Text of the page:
Ask the Seoul Tourism Organization’s COVID-19 Emergency Response Center
No events, no profits? Ask the Seoul Tourism Organization’s COVID-19 Emergency Response Center
Get free legal, labor, and tax consulting at Seoul Mice Center
Question: My organization has decided to cancel an event because of the coronavirus outbreak. Do we still have to pay the rental fees and other costs?
Answer: Legally speaking, the exemption of performance depends on what the contract says. If the contract explicitly states that force majeure events include unforeseeable and uncontrollable occurrence of a disease as well as natural disasters, COVID-19 may be considered a force majeure event that will exempt a party from having to fulfill its contractual obligations (Choi Hee-jung, attorney at the management & legal team).
The Seoul Tourism Organization set up an emergency response center to help out MICE companies severely impacted by COVID-19. The organization operates Seoul MICE Center that provides free legal counselling for over 1,000 MICE firms in Seoul. The center matches companies with legal experts who offer advice on management and legal, HR and labor, and accounting and tax issues. Could it revive the tourism and MICE industries hit by the unprecedented disaster of the novel coronavirus outbreak that has been sweeping the world for the past five months?
The Seoul MICE Center opened in June 2019 to offer consulting services for SMEs in the tourism and MICE sectors. The one-on-one consulting sessions with experts have three steps: identifying the problem, presenting the company with expert opinions and similar cases, and finding practical solutions to the problem.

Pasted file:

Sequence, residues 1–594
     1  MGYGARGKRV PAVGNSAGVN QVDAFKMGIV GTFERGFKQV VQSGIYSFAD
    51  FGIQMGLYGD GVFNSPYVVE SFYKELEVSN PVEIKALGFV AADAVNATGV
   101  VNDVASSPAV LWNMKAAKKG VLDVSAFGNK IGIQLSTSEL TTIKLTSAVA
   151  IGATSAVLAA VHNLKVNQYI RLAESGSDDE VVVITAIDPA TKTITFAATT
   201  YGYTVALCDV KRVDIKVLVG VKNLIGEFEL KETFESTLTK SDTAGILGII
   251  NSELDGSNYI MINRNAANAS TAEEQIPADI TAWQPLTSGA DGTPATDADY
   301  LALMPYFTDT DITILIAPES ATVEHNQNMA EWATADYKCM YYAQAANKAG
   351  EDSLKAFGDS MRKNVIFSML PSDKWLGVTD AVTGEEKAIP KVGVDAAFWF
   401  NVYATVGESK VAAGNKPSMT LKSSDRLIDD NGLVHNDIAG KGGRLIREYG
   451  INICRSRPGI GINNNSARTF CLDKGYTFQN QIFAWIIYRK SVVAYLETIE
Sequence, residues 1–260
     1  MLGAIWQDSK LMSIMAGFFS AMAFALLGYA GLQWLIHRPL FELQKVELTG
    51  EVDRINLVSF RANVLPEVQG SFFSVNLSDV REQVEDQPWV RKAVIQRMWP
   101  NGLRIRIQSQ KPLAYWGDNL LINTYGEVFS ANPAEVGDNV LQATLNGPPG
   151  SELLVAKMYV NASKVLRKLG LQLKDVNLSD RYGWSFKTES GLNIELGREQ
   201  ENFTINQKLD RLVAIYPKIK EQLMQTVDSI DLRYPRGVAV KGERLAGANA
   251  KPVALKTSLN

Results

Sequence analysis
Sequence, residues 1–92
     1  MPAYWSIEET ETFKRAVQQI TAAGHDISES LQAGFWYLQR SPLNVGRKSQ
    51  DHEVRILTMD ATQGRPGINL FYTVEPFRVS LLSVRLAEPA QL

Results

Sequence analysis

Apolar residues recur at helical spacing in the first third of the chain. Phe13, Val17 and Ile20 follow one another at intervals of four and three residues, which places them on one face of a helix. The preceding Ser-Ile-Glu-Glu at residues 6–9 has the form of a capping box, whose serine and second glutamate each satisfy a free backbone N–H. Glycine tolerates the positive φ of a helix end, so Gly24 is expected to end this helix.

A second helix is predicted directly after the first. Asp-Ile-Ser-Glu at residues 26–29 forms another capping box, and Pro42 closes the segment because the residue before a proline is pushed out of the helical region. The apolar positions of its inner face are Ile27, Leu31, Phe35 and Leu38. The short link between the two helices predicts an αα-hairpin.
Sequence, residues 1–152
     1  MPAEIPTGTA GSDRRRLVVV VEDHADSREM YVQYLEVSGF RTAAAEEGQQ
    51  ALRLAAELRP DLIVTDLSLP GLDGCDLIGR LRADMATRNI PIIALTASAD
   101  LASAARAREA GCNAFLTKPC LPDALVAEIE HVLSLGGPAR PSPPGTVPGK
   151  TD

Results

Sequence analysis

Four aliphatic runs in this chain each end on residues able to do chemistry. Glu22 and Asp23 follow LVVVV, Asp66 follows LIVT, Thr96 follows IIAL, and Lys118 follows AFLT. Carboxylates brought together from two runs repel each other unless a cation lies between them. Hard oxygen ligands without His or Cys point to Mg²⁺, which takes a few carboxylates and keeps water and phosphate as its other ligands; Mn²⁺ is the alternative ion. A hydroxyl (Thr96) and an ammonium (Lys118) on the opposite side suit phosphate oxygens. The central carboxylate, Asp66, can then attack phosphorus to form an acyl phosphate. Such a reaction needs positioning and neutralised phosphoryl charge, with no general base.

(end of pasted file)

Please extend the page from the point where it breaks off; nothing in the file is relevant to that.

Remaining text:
In last year, the management and legal team of the MICE center received inquiries, most of which had to do with contract review and balances. But recently, the team mostly had to handle contractual disputes arising from events delayed or canceled because of COVID-19. They usually involved unfair demands, extra deposits, amendment of labor contracts, and employment insurance and paid leave.
The HR and labor team is also seeing increase in inquiries as more businesses close down. Some of the major issues for the team last year were about the government’s new policies such as the 52-hour workweek, paid leave, flexible workhours, and establishment of labor-management committees. But this year, the team mostly had to deal with issues such as the COVID-19 employment assistance and drawing up new employment rules and contracts aligned with the assistance.
The team had the highest number of in-depth consulting inquiries as every company has different employee composition and the areas of human resources and labor rapidly change. Some of the most frequently covered issues were the legal status of laborers, applying for the government’s financial aids, paid leave, and reimbursement of overseas business trip expenses.
Under its slogan, “Crisis into Opportunity”, the Seoul Tourism Organization has laid out practical strategies to mobilize all available resources and help MICE firms in Seoul recover from pandemic-induced damages and get back on track. The MICE Center will serve as a temporary COVID-19 emergency response center to offer services for a wide spectrum of issues from problem identification to designing solutions.
Recognizing that one company means hundreds of families, the center provides MICE players with high-quality and in-depth consulting with experts. The center is also running a project to give up to 5 million won to 500 MICE companies in financial aid and Seoul MICE Growing Challenge that offers free online courses for companies in the industry.
One of the officials from the Seoul Tourism Organization proudly stated that the center will help MICE firms quickly recover from the impacts of COVID-19 with its consulting services.